Battle of Selma
The Battle of Selma began when Major General James H. Wilson, commanding three divisions of Union cavalry, led his men south from Gravelly Springs, Alabama, on March 22, 1865. Opposed by Confederate Lieutenant General Nathan B. Forrest, Wilson skillfully continued his march and eventually defeated him in a running battle at Ebenezer Church, on April 1. Continuing towards Selma, Wilson split his command into three columns. Although Selma was well-defended, the Union columns broke through the defenses at separate points forcing the Confederates to surrender the city, although many of the officers and men, including Forrest and Lt. Gen. Richard Taylor, escaped. Selma demonstrated that even Forrest, whom some had considered invincible, could not stop the unrelenting Union movements deep into the Southern Heartland. 
Advance on Selma
The main column of the Federal raiding force, led by MG Emory Upton's division, arrived at Montevallo late on the evening of March 30th.Destruction of the Red Mountain Iron works, Cahawba Valley Mills, Bibb Iron Works and the Columbiana was completed as a portion of Forrest's made an appearance. As Upton moved his men from Montevallo at 1330 on the 31st they were confronted by "the advance of Roddy's Division" comprised of about 300 members of Crossland's Kentucky Brigade and a small party of militia under Dan Adams. BG Andrew Alexander's 2nd Brigade troops were sent forward to disperse the enemy force. Three companies of the 5th Iowa Cavalry drove the Confederate advance back, killing one man, wounding two others, and taking fifteen prisoners. The main body of enemy troopers was found posted "behind a difficult creek." Alexander dismounted his brigade and presented a strong enough front to convince the enemy to retire "after a slight skirmish."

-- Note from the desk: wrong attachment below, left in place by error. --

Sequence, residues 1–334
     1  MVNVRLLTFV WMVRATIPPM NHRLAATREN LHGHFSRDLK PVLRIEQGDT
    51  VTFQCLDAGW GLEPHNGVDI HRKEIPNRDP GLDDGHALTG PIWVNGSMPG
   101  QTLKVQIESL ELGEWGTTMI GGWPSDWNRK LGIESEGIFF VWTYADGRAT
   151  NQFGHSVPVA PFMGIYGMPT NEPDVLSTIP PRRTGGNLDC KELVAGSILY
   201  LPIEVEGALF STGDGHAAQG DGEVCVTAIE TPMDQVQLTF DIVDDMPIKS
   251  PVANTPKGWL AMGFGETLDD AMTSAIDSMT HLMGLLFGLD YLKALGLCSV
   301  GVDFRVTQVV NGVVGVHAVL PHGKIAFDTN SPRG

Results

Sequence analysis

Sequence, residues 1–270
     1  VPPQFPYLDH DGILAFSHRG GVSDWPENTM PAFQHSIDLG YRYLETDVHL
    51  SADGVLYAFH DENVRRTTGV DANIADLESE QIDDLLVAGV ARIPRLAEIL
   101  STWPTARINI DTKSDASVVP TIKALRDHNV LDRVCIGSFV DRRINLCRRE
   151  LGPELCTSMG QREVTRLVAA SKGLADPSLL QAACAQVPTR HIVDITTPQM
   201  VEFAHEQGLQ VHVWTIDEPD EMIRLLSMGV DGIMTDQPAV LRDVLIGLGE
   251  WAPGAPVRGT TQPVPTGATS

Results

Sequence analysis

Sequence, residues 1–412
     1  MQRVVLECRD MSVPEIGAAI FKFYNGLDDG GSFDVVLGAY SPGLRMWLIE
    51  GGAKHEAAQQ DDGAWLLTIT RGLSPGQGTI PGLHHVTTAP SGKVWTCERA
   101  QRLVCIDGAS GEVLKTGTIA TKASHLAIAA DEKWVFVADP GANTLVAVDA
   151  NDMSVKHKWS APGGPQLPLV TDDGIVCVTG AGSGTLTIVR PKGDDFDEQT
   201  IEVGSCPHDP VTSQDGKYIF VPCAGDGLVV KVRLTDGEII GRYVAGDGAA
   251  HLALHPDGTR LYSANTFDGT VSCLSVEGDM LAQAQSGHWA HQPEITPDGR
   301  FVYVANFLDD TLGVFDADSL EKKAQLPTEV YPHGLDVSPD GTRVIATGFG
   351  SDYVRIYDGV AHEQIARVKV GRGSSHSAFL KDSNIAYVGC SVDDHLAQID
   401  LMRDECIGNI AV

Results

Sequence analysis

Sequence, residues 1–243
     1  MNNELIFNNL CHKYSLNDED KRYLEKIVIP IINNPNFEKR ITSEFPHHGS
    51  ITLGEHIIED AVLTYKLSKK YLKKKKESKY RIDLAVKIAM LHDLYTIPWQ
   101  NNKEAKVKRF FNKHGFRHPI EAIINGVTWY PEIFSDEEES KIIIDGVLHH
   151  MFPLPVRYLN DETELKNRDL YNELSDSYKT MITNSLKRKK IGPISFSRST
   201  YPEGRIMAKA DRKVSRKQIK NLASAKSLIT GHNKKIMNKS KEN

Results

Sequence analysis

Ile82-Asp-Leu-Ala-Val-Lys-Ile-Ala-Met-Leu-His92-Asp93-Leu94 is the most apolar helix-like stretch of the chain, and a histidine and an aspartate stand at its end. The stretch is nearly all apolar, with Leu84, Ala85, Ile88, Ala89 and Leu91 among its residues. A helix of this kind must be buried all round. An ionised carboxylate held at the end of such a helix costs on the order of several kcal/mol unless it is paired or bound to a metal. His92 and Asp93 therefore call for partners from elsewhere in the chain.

While the Confederate troopers and militia were being pushed back, Forrest and about 275 members of his escort came on to the road behind the Union troopers chasing the retiring defenders. In charaterisitic aggressive fashion Forrest ordered a charge up the road with pistols drawn. The two forces were immediately intermingled and a close quarters fight ensued. The unexpected appearance of the enemy in their very midst from an unexpected direction broke up the Union pursuit and allowed Forrest to capture several prisoners. With the intelligence gained from these men Forrest learned the details of Wilson's approach. After a 9 mile ride to bypass the Union column Forrest arrived at randolph and hatched his plan to defend Selma.